In the illustrated embodiment, an ink jet recording head for recording an image on the recording sheet by discharging ink is used as the recording head. Thus, since a distance between a discharge opening forming surface of the recording head and a surface (to be recorded) of the recording sheet is relatively small and such distance must be severely controlled to prevent the recording sheet from contacting the discharge opening forming surface of the recording head, the provision of the sheet hold-down plate 45 is effective. The reference numeral 47 denotes a scale formed on the sheet hold-down plate 45; and 49 denotes a marker formed on the carriage 11 in association with the scale. Thus, also with the scale and marker, it is possible to read the recording position and/or the setting position of the recording head. A cap 51 made of elastic material such as rubber is disposed in confronting relation to the ink discharge opening forming surface of the recording head at a home position thereof and can be engaged by and disengaged from the recording head. The cap 51 is used to protect the recording head in an inoperative condition and is also used as an ink receiving member in the discharge recovery treatment of the recording head.

Incidentally, it should be noted that the "ink receiving member" is not limited to the cap, but may be of any shape capable of receiving the ink discharged from the recording head. Further, the "discharge recovery treatment" means a treatment wherein the ink is discharged from all of the discharge openings by activating energy generating means arranged internally of the discharge openings and utilized to generate energy for discharging the ink, or the factors leading to the poor discharge such as bubbles, dirt and/or viscosified ink unsuitable for recording are eliminated by applying the suction force within the cap with covering the discharge opening forming surface of the recording head.

A pump (introducing means) 53 provides the suction force for the positive ink discharge and is used for sucking the ink received in the cap 51 during the discharge recovery treatment utilizing the positive ink discharge or preliminary ink discharge. The reference numeral 55 denotes a waste ink containing portion for reserving the waste ink sucked by the pump 53; and 57 denotes a tube communicating the pump 53 with the waste ink containing portion 55. A blade 59 serves to wipe the discharge opening forming surface of the recording head and is shiftable between an extended position where it protrudes toward the recording head to wipe the latter during the movement of the recording head and a retracted position where it is disengaged from the recording head. The reference numeral 61 denotes a motor; and 63 denotes a cam means for receiving a driving power from the motor 61 and for driving the pump 53 and shifting the cap 51 and blade 59.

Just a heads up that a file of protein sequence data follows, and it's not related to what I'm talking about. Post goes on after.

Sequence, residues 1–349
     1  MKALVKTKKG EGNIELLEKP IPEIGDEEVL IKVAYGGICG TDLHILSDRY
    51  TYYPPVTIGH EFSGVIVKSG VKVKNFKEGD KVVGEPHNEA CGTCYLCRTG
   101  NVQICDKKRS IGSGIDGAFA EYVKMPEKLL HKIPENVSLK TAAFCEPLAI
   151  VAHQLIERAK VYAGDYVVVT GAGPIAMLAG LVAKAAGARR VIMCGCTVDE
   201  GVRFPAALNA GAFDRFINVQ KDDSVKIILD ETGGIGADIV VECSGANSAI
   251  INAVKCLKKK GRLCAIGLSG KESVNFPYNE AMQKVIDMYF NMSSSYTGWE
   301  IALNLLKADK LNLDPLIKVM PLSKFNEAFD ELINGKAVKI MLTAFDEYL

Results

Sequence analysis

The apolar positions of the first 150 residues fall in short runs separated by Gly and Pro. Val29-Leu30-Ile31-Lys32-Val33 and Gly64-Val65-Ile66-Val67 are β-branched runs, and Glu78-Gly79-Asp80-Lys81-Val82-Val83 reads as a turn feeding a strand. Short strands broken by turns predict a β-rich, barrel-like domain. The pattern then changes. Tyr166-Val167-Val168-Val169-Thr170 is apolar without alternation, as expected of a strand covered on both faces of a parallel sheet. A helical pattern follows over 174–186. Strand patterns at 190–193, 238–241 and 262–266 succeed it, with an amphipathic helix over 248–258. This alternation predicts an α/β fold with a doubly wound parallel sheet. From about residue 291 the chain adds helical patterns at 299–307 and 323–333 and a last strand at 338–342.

Next, the head cartridge 9 will be fully described.

FIG. 4 shows an outer appearance of the head cartridge 9 integrally including a discharge unit 9a constituting an ink jet recording head body and an ink tank 9b. In FIG. 4, a pawl 906a is disposed within the length of the recording head and can be engaged by the hook 13 formed on the carriage 11 when the head cartridge 9 is mounted on the carriage. Further, in front of the head cartridge 9, in the proximity of the discharge unit 9a, there is disposed a positioning abutment (not shown). The reference numeral 906f denotes a head opening which is formed on the carriage 11 and into which a support plate provided on the carriage for supporting a flexible substrate (electric connection portion) and rubber pad is inserted.

FIG. 5A is an exploded perspective view of the head cartridge of FIG. 4 and FIG. 5B is a perspective view of the head cartridge of FIG. 5A. This head cartridge is of disposable type and integrally includes the ink tank as an ink supply as mentioned above.

In FIG. 5A, a heater board 911 comprises a silicon substrate, and electrical/thermal converter elements (discharge heaters) and an aluminium wiring for supplying electric power to the converter elements is formed on the substrate by the film forming technique. A wiring substrate 921 is associated with the heater board 911 so that the wirings thereof are electrically connected to the corresponding wirings of the heater board. A top plate 940 is provided with partition walls for defining ink passages and a common liquid chamber, and in the illustrated embodiment, the top plate is made of resin material having an orifice plate integrally formed therewith. As shown in FIG. 5C, the discharge opening forming surface of the recording head is inclined by a predetermined angle θ with respect to a plane parallel to a surface (to be recorded) of the recording sheet and has a step 940a in the vicinity of the discharge openings. This step is formed in correspondence to the fact that the ink passages in the orifice plate are inclined by a predetermined angle with respect to the rearward in passages in order to form the discharge openings 940b by applying a laser beam to a surface of the step through the ink passages in the top plate.